Big bird had swift legs
Fossil find reveals 'terror bird' was fast on its feet.
An ancient meat-eating 'terror bird' discovered in northern Patagonia has a record-breakingly large head but the big beast could still sprint for its prey.
The fossil discovery is the largest documented example of a group of fearsome birds called phorusrhacids, flightless carnivores that roamed South America some 60 million to 2 million years ago.
The birds earned the moniker 'terror birds' because of their impressive stature and carnivorous palate. They could tower up to 3 metres in height far larger than an ostrich - and had huge, hooked beaks for gouging their prey.
Phorusrhacids were the top carnivores in South America, occupying a niche typically taken by ancient cats, dogs or other mammals elsewhere in the world. They evolved there when the continent was largely isolated from the rest of the world's landmass. "They're like dinosaurs without a tail, and became the mega-predators of the continent," says Luis Chiappe of the Natural History Museum of Los Angeles County, California.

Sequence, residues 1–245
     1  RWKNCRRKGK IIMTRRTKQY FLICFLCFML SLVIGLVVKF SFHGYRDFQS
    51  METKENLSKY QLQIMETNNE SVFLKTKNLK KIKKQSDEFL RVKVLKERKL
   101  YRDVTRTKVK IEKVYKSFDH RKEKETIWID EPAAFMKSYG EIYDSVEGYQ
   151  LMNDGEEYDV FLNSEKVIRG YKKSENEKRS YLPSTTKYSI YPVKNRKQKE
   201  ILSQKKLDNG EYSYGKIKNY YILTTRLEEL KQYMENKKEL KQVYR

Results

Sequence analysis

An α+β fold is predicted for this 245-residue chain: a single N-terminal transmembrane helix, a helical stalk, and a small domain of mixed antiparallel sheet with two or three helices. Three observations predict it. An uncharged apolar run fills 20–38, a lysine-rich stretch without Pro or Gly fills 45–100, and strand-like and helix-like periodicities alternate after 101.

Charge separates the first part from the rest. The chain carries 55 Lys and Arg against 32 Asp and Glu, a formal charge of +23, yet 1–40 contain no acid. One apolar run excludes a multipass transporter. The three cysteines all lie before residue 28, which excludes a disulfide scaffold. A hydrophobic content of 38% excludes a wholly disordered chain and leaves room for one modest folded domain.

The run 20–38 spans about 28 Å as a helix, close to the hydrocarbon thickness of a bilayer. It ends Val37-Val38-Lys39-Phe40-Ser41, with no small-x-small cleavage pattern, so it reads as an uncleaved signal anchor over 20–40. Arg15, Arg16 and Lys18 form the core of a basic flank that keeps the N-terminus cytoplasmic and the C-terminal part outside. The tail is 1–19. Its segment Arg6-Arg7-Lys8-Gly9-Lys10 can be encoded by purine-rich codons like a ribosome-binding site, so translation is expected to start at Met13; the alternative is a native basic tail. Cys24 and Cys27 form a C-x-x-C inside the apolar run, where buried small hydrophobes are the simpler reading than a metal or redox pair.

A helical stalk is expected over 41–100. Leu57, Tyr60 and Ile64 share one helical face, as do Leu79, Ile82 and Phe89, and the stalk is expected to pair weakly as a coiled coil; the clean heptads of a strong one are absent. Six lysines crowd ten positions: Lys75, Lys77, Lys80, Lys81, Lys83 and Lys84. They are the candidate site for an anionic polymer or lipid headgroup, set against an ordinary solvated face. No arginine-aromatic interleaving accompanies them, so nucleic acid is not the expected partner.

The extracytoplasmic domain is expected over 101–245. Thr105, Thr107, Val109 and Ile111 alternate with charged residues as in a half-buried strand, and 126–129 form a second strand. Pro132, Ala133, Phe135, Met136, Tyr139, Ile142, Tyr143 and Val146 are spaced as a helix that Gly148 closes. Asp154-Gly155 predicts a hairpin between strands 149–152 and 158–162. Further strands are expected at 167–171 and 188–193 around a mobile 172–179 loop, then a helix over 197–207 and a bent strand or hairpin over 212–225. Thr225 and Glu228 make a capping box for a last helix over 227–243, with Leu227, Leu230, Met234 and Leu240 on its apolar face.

The new 14-15-million-year-old Argentine fossil is unusual because its entire skull is intact, the researchers report in Nature1. Chiappe and his colleague, Sara Bertelli, found that its head, at more than 70 centimetres, is 10% larger than that of other phorusrhacid species found thus far, and more boxlike.
Chiappe says that the discovery also challenges ideas about how these monster birds moved. Palaeontologists have generally assumed that larger terror birds were cumbersome and so were forced to move slowly. But the foot bones of the new fossil are slender and long, like those of modern fast-runners such as the emu or ostrich, suggesting that it could have moved at a fair clip.
The monster bird probably chased down its prey and used its beak to crush mammals as big as lambs. "Imagine what an animal with a head this size would have done," Chiappe says.
The closest living relative of the phorusrhacids today are thought to be the seriemas, carnivorous birds living in South America but only half a metre in height.
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- Chiappe L. M.& Bertelli S.. et al. Nature, 443 . 929 (2006).